4. While hiding from COVID I have been working along at a slow pace. Finished most of the fancy work at the bow. Then after attaching the chain plates realized that in order to get the proper angle on the deadeye straps I would need to get the masts at least roughly done. That started an adventure of building jigs for my lathe to round, square and taper the various mast segments. They are all finished now ant the attached photos show the lathe fixture that allowed me to use a laminate trimming router with a 1/4" bit to mill the masts. (Not the topgallants as they are a bit too small - a different technique was used for those). The lathe was fitted with a machinists chuck so the dowels could be passed thru the hollow live stock. The router was set up using a birch dowel of the correct diameter and then the walnut masts sections were milled. The square sections were done by using the indexing feature on the live stock. With the masts now close to absolute position I can line out the shrouds and backstays and get the deadeyes in place.
  5. One part of the stern quarter trim that really does not fit well is the decoration running down to the wale. It must overlap the wale but that is a mm higher than the hull. Several of the blogs show how other builders have overcome this problem. A very complicated way is to make a piece running from the bottom of the stern window piece to the wale. It is composed of a double curve and it never seems to come out looking smooth due to the use of a lot of filler to get the curves and blend it in. My idea was to simply take a piece of the walnut hull planking and fill in the space so it is on the same level as the wale. Then once the trim piece is in place carefully carve back to the trim. While it may not be perfect it does seem to look as the original plan sheet shows.
  6. Just because I've been rather silent, doesn't mean I haven't been working. I'm amazed it's been 10 months since my last post. With the free time afforded by COVID I have been working away, albeit a bit slowly. Most of the hull construction is finished. A few challenges faced and met. Some of the coppering needs a bit of recleaning but close to time to start thinking about masts, spars and some rigging. I have gotten a lot of help from the Build Logs on line - without those this would be infinitely harder. Thanks to all those who have "gone before". Stay well.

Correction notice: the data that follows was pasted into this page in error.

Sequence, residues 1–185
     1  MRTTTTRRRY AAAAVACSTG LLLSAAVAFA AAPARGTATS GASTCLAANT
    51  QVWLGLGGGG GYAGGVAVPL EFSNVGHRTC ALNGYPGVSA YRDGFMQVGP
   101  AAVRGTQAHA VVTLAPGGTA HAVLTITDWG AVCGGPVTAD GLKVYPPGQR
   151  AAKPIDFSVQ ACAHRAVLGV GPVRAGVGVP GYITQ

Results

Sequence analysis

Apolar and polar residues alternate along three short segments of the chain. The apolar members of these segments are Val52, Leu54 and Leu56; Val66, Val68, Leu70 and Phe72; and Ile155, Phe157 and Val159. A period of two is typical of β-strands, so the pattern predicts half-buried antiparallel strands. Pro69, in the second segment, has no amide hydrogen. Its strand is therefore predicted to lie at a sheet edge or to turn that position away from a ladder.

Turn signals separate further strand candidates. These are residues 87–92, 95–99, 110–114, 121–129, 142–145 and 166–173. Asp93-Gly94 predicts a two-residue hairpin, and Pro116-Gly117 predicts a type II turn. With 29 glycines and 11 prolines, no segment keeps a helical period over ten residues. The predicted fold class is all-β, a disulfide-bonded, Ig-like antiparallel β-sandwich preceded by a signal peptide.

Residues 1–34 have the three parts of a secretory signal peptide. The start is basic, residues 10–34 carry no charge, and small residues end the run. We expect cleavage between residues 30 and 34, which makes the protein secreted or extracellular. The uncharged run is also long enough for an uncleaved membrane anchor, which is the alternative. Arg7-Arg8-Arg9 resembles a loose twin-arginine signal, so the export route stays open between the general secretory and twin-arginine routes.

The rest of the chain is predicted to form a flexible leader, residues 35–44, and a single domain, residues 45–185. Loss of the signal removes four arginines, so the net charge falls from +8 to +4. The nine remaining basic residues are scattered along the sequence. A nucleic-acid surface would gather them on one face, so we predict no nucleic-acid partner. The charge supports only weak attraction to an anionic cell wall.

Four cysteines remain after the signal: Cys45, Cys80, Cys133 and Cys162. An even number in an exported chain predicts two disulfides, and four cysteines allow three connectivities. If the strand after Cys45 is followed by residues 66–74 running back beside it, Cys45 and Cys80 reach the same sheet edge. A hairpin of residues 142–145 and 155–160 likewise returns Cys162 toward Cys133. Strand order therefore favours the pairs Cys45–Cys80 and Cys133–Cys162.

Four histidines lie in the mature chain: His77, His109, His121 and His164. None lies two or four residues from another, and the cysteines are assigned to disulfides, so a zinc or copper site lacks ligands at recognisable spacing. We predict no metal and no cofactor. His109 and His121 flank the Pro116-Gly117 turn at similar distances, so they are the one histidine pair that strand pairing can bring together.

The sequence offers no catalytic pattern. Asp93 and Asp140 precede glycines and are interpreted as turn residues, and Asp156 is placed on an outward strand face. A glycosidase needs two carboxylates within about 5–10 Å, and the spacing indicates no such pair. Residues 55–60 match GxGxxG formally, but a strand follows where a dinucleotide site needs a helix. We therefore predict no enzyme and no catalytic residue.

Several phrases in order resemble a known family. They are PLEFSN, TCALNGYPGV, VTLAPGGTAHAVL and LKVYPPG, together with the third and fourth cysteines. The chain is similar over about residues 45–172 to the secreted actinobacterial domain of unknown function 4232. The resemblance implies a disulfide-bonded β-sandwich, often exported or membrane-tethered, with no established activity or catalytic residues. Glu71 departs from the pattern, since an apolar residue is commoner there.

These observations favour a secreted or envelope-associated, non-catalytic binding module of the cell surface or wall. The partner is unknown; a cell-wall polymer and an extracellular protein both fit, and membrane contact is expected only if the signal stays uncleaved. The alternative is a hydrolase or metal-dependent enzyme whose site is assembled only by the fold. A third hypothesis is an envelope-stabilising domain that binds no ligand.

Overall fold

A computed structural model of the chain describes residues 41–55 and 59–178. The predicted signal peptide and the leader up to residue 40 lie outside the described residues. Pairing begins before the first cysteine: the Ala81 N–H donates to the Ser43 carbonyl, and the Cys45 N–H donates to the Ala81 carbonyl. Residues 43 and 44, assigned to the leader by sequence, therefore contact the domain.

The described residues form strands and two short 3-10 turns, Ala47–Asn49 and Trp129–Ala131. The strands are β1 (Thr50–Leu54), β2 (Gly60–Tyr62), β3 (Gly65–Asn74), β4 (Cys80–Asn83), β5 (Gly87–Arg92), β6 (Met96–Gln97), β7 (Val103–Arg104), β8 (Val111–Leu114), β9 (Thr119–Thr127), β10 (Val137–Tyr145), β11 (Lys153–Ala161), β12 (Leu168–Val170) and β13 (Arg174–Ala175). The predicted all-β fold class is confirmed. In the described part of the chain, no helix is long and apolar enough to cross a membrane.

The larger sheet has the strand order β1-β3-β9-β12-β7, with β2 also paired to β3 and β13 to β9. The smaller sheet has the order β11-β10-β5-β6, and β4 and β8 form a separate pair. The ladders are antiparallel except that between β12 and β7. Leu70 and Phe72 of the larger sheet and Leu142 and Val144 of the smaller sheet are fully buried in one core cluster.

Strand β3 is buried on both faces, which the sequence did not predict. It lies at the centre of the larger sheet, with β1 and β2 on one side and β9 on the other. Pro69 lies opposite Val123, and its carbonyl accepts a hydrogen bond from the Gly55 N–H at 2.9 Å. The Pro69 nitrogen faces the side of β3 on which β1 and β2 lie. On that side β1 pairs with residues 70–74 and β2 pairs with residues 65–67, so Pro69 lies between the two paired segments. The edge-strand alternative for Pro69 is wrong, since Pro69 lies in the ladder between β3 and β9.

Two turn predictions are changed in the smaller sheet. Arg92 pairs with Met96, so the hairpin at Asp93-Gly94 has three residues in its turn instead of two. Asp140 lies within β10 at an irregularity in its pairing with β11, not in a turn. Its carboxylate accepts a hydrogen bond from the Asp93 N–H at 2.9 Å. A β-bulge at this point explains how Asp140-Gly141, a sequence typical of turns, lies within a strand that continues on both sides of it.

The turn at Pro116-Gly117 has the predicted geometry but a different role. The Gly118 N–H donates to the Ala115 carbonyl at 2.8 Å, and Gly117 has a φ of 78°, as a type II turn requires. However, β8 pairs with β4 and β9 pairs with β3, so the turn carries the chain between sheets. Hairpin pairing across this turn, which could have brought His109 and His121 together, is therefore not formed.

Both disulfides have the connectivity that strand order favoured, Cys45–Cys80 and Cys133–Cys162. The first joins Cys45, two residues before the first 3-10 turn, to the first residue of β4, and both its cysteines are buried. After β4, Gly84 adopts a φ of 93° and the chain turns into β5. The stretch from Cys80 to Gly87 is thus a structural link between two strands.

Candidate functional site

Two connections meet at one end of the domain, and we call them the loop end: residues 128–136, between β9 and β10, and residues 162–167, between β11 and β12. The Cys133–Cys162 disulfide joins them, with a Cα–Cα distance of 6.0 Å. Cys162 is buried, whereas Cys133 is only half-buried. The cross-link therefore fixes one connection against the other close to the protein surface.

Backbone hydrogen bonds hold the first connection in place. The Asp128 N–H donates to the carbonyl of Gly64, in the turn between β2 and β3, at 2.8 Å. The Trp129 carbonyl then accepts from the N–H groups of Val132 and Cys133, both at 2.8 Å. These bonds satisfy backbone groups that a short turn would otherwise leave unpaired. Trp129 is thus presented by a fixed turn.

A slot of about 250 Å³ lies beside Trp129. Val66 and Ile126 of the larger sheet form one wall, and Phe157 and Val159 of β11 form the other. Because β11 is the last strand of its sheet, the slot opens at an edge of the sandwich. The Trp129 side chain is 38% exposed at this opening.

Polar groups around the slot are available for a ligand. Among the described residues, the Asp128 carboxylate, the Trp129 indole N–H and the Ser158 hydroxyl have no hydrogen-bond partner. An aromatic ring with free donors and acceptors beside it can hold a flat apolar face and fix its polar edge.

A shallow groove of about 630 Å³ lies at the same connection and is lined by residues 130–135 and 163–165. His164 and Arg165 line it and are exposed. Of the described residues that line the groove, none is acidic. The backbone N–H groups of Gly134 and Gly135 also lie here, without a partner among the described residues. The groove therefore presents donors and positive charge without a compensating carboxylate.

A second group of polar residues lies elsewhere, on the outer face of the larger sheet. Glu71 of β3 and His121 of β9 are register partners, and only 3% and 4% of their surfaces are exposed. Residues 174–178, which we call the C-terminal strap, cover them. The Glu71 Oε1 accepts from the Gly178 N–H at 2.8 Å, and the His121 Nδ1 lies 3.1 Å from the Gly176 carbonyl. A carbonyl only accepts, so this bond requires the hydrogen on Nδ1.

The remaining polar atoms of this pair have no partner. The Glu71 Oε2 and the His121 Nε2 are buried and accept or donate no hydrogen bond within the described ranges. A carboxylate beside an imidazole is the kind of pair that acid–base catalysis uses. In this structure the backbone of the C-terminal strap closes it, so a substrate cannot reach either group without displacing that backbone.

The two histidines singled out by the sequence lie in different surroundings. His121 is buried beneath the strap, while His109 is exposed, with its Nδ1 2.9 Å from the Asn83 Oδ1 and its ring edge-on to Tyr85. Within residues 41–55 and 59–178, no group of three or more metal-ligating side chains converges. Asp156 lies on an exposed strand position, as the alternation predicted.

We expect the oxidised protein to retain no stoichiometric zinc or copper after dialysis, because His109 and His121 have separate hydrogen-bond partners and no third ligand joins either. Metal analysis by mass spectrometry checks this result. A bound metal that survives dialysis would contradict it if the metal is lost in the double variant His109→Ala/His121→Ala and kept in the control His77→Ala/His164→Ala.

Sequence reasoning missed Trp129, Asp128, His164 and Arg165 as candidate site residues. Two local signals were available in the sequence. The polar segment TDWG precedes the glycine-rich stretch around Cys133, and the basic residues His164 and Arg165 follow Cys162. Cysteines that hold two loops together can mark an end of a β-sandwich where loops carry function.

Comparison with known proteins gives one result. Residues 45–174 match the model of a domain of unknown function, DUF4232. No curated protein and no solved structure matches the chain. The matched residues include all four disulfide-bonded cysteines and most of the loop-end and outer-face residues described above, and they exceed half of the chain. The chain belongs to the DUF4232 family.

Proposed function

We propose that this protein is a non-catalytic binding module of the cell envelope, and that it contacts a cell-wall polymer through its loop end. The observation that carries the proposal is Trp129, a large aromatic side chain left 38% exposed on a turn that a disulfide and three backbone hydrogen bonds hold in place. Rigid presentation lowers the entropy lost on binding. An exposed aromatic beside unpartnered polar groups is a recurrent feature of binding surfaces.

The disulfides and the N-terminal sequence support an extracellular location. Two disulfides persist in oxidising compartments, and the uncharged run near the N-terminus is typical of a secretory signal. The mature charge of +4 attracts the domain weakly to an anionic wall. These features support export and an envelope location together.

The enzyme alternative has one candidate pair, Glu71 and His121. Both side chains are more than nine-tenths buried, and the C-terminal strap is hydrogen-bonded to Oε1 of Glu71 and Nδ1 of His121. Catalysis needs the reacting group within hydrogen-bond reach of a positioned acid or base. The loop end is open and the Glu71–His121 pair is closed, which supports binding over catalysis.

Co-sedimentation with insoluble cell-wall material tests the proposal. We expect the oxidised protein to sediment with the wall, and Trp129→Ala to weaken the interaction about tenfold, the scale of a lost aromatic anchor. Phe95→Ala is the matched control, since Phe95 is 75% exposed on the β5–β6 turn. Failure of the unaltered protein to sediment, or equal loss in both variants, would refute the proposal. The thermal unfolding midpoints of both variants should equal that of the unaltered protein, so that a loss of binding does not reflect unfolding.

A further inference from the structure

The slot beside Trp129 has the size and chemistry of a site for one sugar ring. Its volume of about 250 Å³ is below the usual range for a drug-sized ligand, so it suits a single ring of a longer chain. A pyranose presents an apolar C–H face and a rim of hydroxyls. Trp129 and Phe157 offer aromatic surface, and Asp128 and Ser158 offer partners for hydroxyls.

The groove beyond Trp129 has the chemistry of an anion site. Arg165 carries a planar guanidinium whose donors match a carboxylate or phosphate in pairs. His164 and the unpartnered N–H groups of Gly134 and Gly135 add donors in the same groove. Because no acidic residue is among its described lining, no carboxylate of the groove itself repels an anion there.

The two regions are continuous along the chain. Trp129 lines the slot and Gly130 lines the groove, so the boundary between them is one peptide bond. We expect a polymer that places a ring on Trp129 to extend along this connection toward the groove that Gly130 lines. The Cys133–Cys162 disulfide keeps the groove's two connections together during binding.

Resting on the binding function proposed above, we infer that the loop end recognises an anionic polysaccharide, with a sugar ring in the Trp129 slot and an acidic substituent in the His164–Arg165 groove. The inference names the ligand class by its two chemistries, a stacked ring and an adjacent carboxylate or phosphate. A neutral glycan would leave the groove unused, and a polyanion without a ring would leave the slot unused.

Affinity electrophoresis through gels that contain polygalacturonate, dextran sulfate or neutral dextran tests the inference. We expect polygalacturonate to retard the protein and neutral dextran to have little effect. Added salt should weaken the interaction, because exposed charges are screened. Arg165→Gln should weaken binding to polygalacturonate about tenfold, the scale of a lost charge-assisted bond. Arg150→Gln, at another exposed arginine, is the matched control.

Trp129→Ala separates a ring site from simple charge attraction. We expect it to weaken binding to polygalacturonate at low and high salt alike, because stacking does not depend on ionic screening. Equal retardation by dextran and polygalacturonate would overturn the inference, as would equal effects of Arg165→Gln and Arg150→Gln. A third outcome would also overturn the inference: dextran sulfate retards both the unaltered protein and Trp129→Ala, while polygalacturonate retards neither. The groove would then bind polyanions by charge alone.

7. Really appreciate the explanation of the catheads - - I've been struggling with this for several days. You're exactly right - the only way to completely comply with the kit parts and drawings and keep them below the rail is to install them "upside down". It wasn't until I saw your write-up that I realized they needed modification to get the proper upward angle coming thru the side. Thanks!
  8. Blocks In checking the kit parts list I should have 180 3mm single blocks - - however on checking the contents of the large packet of 3mm (actually 3.8mm) blocks I have 110 single blocks and 100 double blocks. Anyone else make this observation? I think I am seriously short of 3 mm single blocks. All the other sizes/types of blocks and deadeyes check out.
  9. The lower hull is finally finished. All the excess CA was cleaned off by using a brass wire wheel in the Dremel tool. It was not easy, but it did work. The best approach is to try to minimize CA squeeze-out when applying the plates. I probably over-applied CA being cautious about the plates adhering. When using the wire wheel it has to be low speed, low pressure. If you generate too much frictional heat you get transfer of brass onto the copper and that is harder to get off then the CA! That requires medium coarseness steel wool. The top of the coppered area was finished off with a 1x1mm walnut strip as others have done - it dresses it up nicely. Hanging the rudder was a bit challenging, but once you realize the gudgeons are at a right angle to the stern post the rest is just care in fitting them, aligning the gudgeons on the rudder and putting in the dozens of nails. The preventer chains will be put on later. Now onto the upper decks.